What about Flexibility?
Right now, employers understand that the tide is turning in their favor. Many HR professionals believe that the demand from employers to ask their employees to return to work is practical. As far as flexibility goes, employers agree that modernized office workspaces will need a new structural design that makes employees feel more at home.
If you’ve ever been to Silicon Valley and had the chance to see how employees work in tech giant companies like Meta and Google, that’s what the global workforce is demanding. It’s the ability not to be tied to a traditional small workstation and the freedom to hang out in the workplace without fear of repercussions.
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The job marketplace had already become too complicated before the pandemic. But now, employers want to have a direct impact on “how” employees work and function in the physical workspace. In short, the demand for top-notch flexibility from employees has been heard by employers. The question is how soon most of the workforce can be on the same page and start working from the office.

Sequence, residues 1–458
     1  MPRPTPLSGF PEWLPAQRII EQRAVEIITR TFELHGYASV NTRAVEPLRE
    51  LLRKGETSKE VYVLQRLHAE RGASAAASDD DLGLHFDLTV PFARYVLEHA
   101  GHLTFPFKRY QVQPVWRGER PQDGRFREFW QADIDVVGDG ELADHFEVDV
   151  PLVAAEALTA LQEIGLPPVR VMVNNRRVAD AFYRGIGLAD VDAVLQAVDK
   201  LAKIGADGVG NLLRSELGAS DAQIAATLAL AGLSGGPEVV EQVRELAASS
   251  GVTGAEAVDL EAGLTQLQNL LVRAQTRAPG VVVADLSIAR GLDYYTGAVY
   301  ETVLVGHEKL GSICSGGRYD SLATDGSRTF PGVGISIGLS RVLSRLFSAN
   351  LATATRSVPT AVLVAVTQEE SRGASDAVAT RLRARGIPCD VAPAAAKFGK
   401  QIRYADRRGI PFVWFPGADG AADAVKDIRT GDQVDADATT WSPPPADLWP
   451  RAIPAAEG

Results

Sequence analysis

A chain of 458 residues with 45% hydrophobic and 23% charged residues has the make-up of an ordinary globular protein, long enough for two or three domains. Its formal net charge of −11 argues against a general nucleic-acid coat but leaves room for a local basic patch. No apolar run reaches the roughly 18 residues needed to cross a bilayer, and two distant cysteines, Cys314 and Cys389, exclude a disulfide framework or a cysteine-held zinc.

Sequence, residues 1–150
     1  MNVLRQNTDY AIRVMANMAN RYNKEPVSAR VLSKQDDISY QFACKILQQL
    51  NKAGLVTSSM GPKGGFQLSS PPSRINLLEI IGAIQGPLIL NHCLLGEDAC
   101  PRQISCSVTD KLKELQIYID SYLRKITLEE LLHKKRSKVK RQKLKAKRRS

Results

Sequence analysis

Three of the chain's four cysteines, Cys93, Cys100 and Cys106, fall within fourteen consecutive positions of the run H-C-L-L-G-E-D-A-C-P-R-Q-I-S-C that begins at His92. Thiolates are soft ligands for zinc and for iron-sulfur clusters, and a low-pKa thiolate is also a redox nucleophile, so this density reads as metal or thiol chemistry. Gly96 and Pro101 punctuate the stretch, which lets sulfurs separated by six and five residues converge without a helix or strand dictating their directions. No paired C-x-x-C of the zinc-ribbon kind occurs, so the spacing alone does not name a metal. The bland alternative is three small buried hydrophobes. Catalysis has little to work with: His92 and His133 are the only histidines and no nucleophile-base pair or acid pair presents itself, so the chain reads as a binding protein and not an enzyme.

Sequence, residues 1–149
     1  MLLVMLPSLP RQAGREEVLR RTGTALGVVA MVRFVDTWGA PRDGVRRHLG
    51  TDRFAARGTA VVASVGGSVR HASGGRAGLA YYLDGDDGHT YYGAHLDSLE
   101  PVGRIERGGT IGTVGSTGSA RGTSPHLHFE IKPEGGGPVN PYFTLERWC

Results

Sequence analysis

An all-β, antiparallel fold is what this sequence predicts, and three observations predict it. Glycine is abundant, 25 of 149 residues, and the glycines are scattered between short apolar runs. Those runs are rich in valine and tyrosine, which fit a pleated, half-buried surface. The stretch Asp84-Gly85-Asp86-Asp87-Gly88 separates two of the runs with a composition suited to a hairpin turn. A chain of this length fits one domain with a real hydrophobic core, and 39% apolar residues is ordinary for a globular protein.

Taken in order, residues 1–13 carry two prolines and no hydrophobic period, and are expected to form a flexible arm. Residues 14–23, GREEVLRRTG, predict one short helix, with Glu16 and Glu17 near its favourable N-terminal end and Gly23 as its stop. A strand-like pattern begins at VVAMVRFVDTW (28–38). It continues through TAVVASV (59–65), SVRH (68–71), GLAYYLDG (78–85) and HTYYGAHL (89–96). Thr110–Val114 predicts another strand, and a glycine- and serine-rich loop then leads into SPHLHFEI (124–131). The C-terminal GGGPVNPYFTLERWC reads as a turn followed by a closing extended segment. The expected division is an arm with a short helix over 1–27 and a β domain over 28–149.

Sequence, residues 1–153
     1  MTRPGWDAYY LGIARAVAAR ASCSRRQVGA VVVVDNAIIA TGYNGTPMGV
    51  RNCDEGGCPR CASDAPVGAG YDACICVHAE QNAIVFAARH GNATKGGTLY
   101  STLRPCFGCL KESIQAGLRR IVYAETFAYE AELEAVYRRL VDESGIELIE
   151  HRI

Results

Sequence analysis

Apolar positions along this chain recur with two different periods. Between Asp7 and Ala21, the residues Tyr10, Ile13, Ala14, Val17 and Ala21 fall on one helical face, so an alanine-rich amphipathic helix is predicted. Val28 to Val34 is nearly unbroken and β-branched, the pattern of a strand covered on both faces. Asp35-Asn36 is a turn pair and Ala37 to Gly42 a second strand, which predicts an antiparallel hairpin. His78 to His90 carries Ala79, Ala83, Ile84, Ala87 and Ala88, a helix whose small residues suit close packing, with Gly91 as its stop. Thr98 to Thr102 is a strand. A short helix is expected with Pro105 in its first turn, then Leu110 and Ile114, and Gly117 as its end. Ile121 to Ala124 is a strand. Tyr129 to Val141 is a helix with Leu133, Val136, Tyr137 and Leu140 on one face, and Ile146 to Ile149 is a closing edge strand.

Well, this is where things get a bit more complicated. Depending on the job responsibilities and industry, some employees may have to adapt to in-person and hybrid work models. But for the most part, employers feel there is an urgent need to bring the workforce back to the office.
Here are the main reasons employers continue to ask their remote workers to return to the office:
Work-from-Home Employees Often Need More Clarification
When it comes to working with remote workers, managers often have to explain even the smallest details of a project. Why is that a problem? Well, if managers used up their time explaining the “basics” of a project or task, it would leave little to no room for actual work.